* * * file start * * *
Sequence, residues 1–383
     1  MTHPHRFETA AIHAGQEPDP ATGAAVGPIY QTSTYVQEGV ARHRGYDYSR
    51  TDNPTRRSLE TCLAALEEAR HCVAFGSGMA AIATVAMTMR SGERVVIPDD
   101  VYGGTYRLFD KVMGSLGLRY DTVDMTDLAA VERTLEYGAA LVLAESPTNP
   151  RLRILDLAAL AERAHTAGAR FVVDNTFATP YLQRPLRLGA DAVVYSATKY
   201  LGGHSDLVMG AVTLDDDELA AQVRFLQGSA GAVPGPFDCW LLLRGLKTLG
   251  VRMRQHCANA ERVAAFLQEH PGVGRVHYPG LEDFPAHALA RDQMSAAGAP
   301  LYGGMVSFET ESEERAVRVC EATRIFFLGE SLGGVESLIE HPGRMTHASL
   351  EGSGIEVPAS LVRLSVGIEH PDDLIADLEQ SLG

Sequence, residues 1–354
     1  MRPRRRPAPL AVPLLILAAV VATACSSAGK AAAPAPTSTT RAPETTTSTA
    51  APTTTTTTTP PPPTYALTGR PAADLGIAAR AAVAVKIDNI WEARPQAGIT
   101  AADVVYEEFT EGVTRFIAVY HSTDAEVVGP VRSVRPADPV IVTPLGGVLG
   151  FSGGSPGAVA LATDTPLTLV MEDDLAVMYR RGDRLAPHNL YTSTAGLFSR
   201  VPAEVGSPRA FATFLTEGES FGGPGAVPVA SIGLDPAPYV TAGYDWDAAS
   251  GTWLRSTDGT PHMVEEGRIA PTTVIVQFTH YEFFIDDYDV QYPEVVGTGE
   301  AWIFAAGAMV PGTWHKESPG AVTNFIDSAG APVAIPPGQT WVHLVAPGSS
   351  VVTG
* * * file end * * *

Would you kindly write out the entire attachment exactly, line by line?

Sequence, residues 1–383
     1  MTHPHRFETA AIHAGQEPDP ATGAAVGPIY QTSTYVQEGV ARHRGYDYSR
    51  TDNPTRRSLE TCLAALEEAR HCVAFGSGMA AIATVAMTMR SGERVVIPDD
   101  VYGGTYRLFD KVMGSLGLRY DTVDMTDLAA VERTLEYGAA LVLAESPTNP
   151  RLRILDLAAL AERAHTAGAR FVVDNTFATP YLQRPLRLGA DAVVYSATKY
   201  LGGHSDLVMG AVTLDDDELA AQVRFLQGSA GAVPGPFDCW LLLRGLKTLG
   251  VRMRQHCANA ERVAAFLQEH PGVGRVHYPG LEDFPAHALA RDQMSAAGAP
   301  LYGGMVSFET ESEERAVRVC EATRIFFLGE SLGGVESLIE HPGRMTHASL
   351  EGSGIEVPAS LVRLSVGIEH PDDLIADLEQ SLG

Sequence, residues 1–354
     1  MRPRRRPAPL AVPLLILAAV VATACSSAGK AAAPAPTSTT RAPETTTSTA
    51  APTTTTTTTP PPPTYALTGR PAADLGIAAR AAVAVKIDNI WEARPQAGIT
   101  AADVVYEEFT EGVTRFIAVY HSTDAEVVGP VRSVRPADPV IVTPLGGVLG
   151  FSGGSPGAVA LATDTPLTLV MEDDLAVMYR RGDRLAPHNL YTSTAGLFSR
   201  VPAEVGSPRA FATFLTEGES FGGPGAVPVA SIGLDPAPYV TAGYDWDAAS
   251  GTWLRSTDGT PHMVEEGRIA PTTVIVQFTH YEFFIDDYDV QYPEVVGTGE
   301  AWIFAAGAMV PGTWHKESPG AVTNFIDSAG APVAIPPGQT WVHLVAPGSS
   351  VVTG